State Street and Bank of New York Mellon were catapulted back into the spotlight this week when Josh Mandel, Ohio’s treasurer, publically called for the state attorney-general to launch an investigation into the banks’ foreign exchange (forex) trade practices. This comes hot on the heels of an announcement by Steve Grossman, Massachusetts treasurer, that he intends to recoup the losses from so-called “excessive” forex transaction fees paid by pension funds to BNY Mellon.
The Ohio investigation will specifically inquire into the amount the two banks charged for forex transactions by four public pensions and the Ohio Bureau of Workers’ Compensation. “I am concerned that the banks may have manipulated foreign currency trade prices in order to maximise the banks’ profit, at the expense of Ohio public servants, businesses and taxpayers,” wrote Mandel in a public letter to the Ohio attorney-general.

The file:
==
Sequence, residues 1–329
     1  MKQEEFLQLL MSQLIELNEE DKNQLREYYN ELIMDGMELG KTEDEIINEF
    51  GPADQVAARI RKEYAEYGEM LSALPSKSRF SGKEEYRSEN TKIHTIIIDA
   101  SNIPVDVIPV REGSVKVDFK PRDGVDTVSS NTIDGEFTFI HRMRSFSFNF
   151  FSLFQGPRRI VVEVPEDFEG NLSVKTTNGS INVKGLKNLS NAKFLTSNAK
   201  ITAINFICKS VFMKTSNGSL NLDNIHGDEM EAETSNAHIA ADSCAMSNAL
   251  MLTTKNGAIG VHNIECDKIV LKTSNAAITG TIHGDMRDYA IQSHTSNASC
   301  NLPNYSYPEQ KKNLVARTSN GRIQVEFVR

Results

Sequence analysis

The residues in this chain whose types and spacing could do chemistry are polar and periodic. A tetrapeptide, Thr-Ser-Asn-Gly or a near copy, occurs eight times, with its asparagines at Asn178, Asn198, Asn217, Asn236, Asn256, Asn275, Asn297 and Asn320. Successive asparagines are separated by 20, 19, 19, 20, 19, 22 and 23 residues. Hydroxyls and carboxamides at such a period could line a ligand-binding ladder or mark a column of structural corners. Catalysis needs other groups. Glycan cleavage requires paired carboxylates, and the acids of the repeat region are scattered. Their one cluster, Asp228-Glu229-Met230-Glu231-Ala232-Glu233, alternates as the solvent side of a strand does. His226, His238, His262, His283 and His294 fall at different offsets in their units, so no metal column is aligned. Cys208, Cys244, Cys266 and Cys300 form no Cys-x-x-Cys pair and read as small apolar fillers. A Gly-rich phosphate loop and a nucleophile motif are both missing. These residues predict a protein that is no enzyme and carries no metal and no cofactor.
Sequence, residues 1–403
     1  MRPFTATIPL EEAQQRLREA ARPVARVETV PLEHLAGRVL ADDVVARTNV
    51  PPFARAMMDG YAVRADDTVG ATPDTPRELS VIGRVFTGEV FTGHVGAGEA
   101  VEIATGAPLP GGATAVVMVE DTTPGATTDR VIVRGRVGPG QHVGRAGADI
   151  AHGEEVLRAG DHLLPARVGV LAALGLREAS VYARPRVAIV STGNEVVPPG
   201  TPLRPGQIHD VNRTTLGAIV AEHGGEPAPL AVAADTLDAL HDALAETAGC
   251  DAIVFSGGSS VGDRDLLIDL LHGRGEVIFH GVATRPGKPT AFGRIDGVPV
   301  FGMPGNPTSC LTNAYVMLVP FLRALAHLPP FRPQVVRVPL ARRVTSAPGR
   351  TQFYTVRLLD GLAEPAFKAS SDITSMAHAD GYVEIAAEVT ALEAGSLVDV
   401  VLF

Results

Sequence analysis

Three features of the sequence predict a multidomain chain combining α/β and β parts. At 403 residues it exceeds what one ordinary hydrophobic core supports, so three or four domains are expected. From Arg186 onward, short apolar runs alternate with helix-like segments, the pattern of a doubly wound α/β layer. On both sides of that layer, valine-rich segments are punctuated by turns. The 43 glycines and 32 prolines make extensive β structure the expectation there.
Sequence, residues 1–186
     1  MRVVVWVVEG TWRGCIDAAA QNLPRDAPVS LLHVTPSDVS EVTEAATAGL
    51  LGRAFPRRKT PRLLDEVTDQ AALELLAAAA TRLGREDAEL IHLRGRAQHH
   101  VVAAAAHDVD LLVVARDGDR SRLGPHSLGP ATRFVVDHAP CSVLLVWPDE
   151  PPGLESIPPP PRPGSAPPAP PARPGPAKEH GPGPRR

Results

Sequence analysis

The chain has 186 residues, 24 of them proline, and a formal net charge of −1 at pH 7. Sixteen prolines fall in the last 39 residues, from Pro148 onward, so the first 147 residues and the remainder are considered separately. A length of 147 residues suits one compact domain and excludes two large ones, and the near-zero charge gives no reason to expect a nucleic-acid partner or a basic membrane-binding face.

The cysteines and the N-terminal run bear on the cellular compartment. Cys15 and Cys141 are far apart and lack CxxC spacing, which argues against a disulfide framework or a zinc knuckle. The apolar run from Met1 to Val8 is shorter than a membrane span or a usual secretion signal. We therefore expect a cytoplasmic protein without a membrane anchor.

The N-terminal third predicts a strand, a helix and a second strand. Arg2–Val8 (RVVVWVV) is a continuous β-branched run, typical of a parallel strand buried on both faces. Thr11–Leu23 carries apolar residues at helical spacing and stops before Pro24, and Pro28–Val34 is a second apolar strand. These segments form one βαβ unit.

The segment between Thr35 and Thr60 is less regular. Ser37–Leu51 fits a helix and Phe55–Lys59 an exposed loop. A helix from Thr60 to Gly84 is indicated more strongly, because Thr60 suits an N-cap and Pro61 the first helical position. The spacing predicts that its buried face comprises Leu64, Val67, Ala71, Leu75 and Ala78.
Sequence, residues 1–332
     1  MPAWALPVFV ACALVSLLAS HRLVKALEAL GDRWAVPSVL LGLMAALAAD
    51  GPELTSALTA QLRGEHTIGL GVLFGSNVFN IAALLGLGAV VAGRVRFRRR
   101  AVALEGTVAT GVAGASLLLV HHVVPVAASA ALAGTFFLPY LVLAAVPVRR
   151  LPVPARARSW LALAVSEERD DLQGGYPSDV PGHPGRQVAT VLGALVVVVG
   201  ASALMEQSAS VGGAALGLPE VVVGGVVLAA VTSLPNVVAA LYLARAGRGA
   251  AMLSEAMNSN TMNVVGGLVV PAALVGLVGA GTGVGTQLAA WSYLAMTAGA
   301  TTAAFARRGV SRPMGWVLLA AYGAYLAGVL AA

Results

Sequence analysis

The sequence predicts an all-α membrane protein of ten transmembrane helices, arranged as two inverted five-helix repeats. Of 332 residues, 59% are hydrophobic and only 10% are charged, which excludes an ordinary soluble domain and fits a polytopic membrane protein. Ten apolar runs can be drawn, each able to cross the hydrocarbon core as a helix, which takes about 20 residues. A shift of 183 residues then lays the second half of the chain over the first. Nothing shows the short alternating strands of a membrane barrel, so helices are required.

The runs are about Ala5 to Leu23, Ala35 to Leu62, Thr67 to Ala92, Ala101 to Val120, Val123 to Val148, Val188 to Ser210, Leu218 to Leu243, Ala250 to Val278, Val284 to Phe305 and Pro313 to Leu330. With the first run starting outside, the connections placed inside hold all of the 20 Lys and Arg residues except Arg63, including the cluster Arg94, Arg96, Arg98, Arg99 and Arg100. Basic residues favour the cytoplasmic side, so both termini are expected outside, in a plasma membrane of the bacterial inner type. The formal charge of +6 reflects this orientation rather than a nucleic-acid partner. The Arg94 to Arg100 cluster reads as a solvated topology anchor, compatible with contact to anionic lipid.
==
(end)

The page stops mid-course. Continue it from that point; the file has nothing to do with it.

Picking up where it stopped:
In Massachusetts, Grossman held a press conference after receiving the results of an independent audit of BNY Mellon’s forex trading expenses. Said Grossman: “This has clearly been a rampant practice of bad behavior. I think there is a violation of the public trust that has taken place.’’ He did not make a definitive statement as to whether the state planned to sue. Earlier this year, the state also launched an investigation against State Street.
The two custody banks have been accused of defrauding pension funds by charging significantly higher forex rates than comparable trades executed by the bank. BNY Mellon has acknowledged the practices but denies any wrongdoing, claiming the were under no fiduciary obligation to give the pensions the InterBank forex rates. State Street has also denied the accusations. Both are cooperating with investigators.